Thursday, July 5, 2012

Day One at Piccolo Sogno Due

There is some interesting-sounding stuff on the Piccolo Sogno Due menu, including bread made with squid ink, raw fish rolled into pasta sheets with what looks like spicy mayo, and a dish that features house made saba. Some items sound more appealing (the bread) than others (the maki-like tuna tartare), but none of it worked particularly well for me.

Twice during lunch, I had to spit food from my mouth into a napkin. The first spit yielded a pebble-sized, rock hard piece of bone or stone from a bite of lamb meatballs, for which I suspect the meat had been ground in house. The second spit produced an impossible-to-chew, plasticky layer of artichoke that had been part of a pasta dish with clams, and should have been peeled off during prep.

Though it's hard to forgive such carelessness - even on a restaurant's opening day - I would have been inclined to do so had the rest of the food showed more promise. I detected no sea flavor in the aforementioned squid ink baguette, but it did deliver an unpalatable overdose of salt. That pasta dish with the tough artichokes also had tiny, mushy clams and a lot of butter sauce that just pooled at the bottom of the plate rather than adhere to and flavor the linguine. The garlic slivers were sweet and nicely toasted, at least. Aside from the near tooth breaking bit in the lamb meatballs they were fine, if a little tougher and denser than I would have liked.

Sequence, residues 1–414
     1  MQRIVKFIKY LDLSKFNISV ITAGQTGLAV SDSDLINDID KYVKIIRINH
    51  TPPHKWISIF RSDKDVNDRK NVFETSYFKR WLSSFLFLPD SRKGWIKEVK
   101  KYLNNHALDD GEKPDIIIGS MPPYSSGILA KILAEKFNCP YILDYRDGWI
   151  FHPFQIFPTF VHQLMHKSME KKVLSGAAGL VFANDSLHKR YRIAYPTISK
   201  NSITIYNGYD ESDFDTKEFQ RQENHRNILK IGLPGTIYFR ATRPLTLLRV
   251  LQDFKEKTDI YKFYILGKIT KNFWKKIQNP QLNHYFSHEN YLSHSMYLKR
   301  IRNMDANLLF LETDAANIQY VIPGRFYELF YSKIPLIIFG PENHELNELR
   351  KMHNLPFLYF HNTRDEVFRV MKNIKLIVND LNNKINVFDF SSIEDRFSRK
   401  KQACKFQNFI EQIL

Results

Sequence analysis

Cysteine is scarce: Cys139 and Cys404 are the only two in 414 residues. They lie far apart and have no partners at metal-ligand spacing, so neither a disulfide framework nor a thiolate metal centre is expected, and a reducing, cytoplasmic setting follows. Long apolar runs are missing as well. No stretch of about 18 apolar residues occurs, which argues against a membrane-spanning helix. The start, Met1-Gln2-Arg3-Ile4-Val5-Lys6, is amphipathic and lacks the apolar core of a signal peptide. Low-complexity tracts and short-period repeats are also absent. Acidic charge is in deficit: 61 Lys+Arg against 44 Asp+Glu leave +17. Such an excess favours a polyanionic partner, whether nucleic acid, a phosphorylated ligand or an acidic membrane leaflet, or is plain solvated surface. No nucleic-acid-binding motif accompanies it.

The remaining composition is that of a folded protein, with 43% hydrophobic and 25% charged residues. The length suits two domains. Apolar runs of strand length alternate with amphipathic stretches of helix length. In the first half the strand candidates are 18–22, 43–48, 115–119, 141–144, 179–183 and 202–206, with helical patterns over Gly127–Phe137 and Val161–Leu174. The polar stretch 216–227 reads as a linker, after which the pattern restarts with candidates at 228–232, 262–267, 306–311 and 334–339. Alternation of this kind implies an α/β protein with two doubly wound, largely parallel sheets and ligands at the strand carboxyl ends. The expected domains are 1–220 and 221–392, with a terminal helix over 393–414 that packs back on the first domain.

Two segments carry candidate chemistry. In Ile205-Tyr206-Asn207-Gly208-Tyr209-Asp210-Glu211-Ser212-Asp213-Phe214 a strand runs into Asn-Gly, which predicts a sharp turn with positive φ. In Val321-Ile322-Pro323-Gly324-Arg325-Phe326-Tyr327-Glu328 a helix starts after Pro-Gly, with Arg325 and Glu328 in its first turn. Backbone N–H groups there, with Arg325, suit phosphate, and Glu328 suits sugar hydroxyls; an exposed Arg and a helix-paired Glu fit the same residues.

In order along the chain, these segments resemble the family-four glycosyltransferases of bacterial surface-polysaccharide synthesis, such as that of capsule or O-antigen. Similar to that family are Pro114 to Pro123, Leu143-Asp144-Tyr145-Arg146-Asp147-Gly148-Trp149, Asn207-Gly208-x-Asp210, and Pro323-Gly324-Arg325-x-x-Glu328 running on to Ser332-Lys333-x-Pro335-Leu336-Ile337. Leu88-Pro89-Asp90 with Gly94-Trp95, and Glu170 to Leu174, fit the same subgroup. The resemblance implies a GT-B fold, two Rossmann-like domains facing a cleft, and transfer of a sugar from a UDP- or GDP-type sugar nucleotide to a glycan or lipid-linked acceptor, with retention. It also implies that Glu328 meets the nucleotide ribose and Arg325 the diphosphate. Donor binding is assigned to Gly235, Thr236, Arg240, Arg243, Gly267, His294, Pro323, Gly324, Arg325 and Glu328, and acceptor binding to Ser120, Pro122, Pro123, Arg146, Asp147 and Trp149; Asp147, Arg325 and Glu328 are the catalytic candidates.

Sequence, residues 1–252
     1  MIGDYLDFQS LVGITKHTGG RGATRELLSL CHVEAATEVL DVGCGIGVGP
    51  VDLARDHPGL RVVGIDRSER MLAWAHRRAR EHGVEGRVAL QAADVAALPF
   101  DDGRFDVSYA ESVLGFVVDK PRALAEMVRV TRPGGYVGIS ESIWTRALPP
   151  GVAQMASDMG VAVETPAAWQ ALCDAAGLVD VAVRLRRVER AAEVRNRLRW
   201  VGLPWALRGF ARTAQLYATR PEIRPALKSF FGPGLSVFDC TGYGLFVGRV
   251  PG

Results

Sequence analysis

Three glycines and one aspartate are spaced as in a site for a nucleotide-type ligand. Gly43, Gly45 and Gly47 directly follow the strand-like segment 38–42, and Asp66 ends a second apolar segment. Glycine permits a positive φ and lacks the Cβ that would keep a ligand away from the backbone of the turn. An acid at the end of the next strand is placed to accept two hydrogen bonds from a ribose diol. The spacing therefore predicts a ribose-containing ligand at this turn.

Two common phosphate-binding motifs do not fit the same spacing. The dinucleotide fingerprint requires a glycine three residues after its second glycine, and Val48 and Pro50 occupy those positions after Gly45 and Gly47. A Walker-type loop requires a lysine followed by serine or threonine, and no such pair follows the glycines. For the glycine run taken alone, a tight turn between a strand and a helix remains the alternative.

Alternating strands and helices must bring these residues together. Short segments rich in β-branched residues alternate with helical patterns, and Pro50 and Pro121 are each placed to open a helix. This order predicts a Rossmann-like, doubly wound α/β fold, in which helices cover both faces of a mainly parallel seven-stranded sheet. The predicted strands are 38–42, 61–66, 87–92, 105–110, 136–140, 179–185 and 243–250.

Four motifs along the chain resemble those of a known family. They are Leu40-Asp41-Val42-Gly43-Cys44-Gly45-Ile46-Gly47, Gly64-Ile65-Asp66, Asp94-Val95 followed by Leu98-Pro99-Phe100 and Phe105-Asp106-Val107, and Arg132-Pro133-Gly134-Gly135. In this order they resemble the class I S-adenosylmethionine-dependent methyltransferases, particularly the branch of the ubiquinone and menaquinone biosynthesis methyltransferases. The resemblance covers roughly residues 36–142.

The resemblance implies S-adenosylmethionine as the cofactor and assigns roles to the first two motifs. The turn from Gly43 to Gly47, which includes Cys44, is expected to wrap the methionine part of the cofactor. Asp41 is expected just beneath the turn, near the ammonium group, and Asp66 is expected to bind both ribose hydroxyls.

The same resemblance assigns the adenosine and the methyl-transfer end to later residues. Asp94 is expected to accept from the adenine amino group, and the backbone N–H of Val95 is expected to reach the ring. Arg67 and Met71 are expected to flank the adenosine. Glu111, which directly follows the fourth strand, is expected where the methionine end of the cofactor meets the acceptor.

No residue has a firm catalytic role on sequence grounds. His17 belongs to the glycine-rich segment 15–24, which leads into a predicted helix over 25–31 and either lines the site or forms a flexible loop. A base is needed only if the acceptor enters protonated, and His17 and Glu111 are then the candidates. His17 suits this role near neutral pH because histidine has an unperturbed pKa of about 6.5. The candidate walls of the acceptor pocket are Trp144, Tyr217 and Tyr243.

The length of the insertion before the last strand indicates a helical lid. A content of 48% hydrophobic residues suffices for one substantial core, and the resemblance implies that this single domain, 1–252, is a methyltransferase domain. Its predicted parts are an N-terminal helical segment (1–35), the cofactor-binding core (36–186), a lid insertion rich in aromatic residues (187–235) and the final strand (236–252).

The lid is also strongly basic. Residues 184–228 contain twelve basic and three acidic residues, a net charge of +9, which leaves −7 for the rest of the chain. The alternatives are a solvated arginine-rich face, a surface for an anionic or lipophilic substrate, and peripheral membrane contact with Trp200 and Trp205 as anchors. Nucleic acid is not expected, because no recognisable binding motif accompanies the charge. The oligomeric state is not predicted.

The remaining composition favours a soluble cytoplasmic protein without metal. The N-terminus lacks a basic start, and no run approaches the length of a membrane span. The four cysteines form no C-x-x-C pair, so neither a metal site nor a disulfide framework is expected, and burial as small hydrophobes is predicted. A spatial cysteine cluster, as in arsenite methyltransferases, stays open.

It's a 100 degrees out today, so when my server came over to take a drink order, I requested a Spritz, which I am inclined to do on days like this. A few minutes later he came back to report that the bartender gave him a look that made him feel like an alien when he asked her for the drink. Neither of them had any idea what a Spritz is, which is OK I guess; but was there not someone on staff at this completely empty, massive restaurant run by vastly experienced Italian restaurateurs who could have explained it? Could someone have googled it instead of just saying "Can I get you a prosecco instead?"

A very nice guy in chefs whites, who I assumed was Tony Priolo, and a couple of men in expensive-looking suits spent the latter part of my meal glad handing people they knew around the now-filling-up dining room, and I was reminded of the time I ate at The Pump Room when it first opened. Back then, with Jean George doing similar glad handing I wondered what power Brad Phillips - whose cooking I like a lot - really had over the menu. He didn't last, of course, but perhaps Todd Stein's experience working for the Marriott and some famous chef's Las Vegas outpost will better prepare him for what looked to me like a similar set-up.